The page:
3. Your CDC link is broken.
      4. You mention that people riding bicycles are at a higher risk of crash-related injury, but fail to mention that the leading cause of death in this country for people aged 5-34 is from motor vehicle crashes, not from bicycles: http://www.cdc.gov/injury/overview/data.html
      5. The person in question here was fifteen years old. Since this young man would have been eligible to get a provisional drivers license at sixteen, you can hardly use his age as a reason to argue that he should not have been using a vehicle on the road.

      • Flayer

        Rob Anderson’s points are very good and you should re-read them. The PC crowd and the schools continually push for kids to bike to school, even hosting “bike days,” and such. Then to,their horror there

        • Alicia

          However, why try to blame the trucker.

          Because he started to drive forward without checking for pedestrians or bike riders, that’s why he’s to blame.

          He is also experiencing a horror of his own
          Yes, let’s let everyone who is responsible for a child’s death off because they are experiencing a horror of their own. Medical malpractice? No big deal. Day care worker or nanny lets a kid drown or otherwise die? They’re experiencing a horror of their own – no need to investigate!

          even if perfectly innocent, he is asking himself if there was anything he could have done.

          And the answer is that he could watch for pedestrians and bike riders before proceeding forward.

          just last night a young girl crossed the street in front of me late at night, no street lights (and why is that?), wearing black and not even one reflector on her or on her bike.

          Totally irrelevant anecdote when we’re talking about an incident that happened in the daytime (shortly after 8 am).

          but suing the truck owners and driver will NOT bring them the peace they are seeking.

          No, but it may take a careless driver out from behind the wheel of an above-average sized vehicle.

      • The link I provided works everywhere but here. Maybe KQED has a problem.

        1. The UC study I linked shows that riding a bike in SF is more dangerous than City Hall and the Bicycle Coalition have been telling us, especially solo falls that don’t involve motor vehicles. That’s a reality that applies everywhere, not just in SF.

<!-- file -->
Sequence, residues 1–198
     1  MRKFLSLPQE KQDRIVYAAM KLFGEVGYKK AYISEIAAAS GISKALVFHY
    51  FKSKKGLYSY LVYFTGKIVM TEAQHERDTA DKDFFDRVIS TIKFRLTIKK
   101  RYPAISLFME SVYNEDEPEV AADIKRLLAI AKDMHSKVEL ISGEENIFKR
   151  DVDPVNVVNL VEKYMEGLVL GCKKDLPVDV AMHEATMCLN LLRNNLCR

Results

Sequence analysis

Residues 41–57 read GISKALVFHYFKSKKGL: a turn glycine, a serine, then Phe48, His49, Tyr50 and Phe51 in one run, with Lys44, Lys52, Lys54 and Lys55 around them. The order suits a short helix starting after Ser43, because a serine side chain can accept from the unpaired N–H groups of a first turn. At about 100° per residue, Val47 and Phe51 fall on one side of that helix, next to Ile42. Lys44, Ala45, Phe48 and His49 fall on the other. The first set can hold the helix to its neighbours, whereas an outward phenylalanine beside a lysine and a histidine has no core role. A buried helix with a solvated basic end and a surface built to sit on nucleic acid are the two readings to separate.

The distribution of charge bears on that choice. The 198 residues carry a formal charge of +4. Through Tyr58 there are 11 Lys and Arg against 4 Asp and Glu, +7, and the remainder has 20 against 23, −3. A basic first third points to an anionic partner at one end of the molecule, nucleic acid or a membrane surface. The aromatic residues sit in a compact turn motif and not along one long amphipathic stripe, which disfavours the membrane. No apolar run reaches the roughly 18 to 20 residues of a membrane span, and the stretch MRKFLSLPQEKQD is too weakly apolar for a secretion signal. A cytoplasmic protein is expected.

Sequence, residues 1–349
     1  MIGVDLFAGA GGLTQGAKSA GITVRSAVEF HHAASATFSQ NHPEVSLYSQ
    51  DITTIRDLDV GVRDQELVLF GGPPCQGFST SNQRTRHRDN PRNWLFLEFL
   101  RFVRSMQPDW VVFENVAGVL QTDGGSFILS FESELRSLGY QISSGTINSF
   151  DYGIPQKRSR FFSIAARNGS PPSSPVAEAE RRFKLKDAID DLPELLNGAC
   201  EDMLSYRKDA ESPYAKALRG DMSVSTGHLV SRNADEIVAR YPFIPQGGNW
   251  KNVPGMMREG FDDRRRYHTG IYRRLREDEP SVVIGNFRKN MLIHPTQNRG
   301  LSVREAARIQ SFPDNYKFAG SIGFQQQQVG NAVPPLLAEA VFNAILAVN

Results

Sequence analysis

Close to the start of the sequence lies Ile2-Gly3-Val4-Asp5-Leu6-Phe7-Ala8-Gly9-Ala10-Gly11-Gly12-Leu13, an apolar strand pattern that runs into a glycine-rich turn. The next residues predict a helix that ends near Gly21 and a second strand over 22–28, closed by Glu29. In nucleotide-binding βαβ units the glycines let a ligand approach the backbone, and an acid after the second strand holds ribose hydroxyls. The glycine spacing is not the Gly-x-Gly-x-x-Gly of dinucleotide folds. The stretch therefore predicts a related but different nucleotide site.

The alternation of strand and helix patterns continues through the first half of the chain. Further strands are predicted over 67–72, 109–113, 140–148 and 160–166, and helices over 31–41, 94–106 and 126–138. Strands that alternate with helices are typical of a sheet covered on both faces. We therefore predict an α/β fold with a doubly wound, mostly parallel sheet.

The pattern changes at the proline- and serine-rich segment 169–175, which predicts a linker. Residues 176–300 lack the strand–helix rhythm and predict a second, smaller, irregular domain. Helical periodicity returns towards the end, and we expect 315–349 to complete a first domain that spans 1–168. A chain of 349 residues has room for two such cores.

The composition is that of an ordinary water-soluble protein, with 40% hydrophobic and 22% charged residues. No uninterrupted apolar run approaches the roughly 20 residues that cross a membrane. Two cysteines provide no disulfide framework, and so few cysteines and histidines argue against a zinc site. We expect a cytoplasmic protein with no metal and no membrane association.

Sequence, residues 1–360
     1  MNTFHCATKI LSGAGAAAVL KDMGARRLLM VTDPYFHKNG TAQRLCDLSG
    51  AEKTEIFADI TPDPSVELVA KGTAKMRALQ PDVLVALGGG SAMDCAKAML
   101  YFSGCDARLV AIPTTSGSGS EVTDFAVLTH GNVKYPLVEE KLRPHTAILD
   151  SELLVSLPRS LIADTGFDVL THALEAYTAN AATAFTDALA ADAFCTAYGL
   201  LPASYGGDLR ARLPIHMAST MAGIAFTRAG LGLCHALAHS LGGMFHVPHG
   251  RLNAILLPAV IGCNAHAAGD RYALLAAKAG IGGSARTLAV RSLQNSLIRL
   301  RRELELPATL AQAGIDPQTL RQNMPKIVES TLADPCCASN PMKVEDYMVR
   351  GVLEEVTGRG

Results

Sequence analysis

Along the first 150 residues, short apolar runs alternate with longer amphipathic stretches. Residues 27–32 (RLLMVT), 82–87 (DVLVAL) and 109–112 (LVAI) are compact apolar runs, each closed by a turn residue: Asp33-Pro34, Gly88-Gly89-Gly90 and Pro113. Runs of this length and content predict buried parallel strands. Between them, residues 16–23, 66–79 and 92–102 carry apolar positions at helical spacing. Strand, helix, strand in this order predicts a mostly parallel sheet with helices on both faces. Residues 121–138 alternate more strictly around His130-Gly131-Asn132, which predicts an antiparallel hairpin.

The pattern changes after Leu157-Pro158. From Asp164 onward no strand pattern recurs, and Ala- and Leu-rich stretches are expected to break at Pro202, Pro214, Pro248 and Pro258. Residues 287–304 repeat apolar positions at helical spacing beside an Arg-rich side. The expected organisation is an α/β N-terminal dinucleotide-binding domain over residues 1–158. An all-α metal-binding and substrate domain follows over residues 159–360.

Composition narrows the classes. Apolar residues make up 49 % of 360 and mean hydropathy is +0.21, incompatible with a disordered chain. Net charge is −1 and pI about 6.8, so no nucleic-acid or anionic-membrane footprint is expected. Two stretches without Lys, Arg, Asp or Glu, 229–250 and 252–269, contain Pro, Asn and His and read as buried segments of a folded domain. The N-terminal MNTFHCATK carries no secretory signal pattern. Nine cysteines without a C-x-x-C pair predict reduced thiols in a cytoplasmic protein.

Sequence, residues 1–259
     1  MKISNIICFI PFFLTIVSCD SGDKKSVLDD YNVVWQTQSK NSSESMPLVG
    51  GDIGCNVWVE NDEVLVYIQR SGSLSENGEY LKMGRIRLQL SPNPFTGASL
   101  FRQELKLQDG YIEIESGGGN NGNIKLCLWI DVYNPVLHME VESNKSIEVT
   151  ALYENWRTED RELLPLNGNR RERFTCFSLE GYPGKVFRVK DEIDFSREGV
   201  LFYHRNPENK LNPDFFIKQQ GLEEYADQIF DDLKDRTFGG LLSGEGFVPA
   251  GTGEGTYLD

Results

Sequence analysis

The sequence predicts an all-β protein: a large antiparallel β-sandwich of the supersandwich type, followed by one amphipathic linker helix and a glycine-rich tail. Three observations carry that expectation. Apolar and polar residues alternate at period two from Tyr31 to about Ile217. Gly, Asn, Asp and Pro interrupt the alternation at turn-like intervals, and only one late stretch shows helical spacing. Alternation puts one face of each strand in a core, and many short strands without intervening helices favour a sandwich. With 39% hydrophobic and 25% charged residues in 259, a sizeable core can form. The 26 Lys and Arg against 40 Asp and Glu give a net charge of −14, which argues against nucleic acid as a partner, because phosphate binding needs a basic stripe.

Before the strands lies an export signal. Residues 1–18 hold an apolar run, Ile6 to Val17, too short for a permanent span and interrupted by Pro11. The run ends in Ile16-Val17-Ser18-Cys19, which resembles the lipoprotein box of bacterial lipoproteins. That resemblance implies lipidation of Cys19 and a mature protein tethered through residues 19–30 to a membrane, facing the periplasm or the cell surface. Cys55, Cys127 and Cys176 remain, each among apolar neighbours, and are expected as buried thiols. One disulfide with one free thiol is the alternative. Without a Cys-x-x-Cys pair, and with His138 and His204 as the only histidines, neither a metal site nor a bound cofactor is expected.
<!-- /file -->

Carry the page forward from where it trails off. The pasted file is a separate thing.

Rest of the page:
2. As long as cyclists share roads with motor vehicles, this kind of accident is inevitable.

        Governments see cycling as a green, win-win deal, since it marginally helps them with traffic congestion and they can also trumpet their environmental credentials.

        Instead of over-selling cycling like they are now, governments should at least issue some kind of consumer warning about the real dangers of riding a bike—for children and everyone else.

        • Yep there’s nowhere in the world where this model works, nowhere.

      • dat
        • Finally, someone acknowledging the study. Remember the study? The City government really needs to let people know of the dangers of biking in the city. Don’t look any farther than that. There’s nothing more dangerous than a bike in a small condensed city. All bikes, and only bikes, should come with a surgeon general’s warning, like cigarettes.

          • You inadvertently raise a good point. Instead of simply encouraging people to ride bikes, inform would-be cyclists of the real dangers involved.

          • Glad you agree! If there’s one form of transportation in the city that should come with a warning label it would be the one that kills & maims the most in the city, bikes.

          • No, there were only three cyclist fatalities last year—all due to the cyclists’ own recklessness, by the way—but cycling causes as many injuries to cyclists as motor vehicles.

          • But how many bikers killed or injured others? Was it around 20 deaths and 900 injuries?

          • Alicia

            all due to the cyclists’ own recklessness, by the way

            Allegedly, according to cops on the scene. Those judgments are pretty questionable, though.

            http://ww2.kqed.org/news/2014/12/18/trial-begins-in-wrongful-death-suit-against-driver-who-killed-bicyclist-amelie-le-moullac

  • The elephant in the room is we have a mode of transport that is more deadly than getting shot with a rifle. A 2007 AAA study showed that motor vehicles cross the fatality threshold of small arms (9% fatal) between 22 and 23 MPH, and get exponentially more deadly (asymptotically, there is a limit on how many times you can get killed in one wreck) as speed increases, with 40% of cyclists and pedestrians hit at 30 MPH expiring from their injuries rising to 80% by 40 MPH and 95% by 50. An SUV at 60 MPH has the destructive power of a 155mm Howitzer (or for those shooting from a ship a 6″ 50 naval rifle).

    However fashionable it may be, a motor vehicle is still the most destructive device most Americans have control over in their lives. 35,000+/- bodies every year attest to that.

    • Actually, traffic fatalities in the US have been going down even as we drive more:

      http://www.newgeography.com/content/004892-is-suburbia-crashing-suburban-traffic-myths-refuted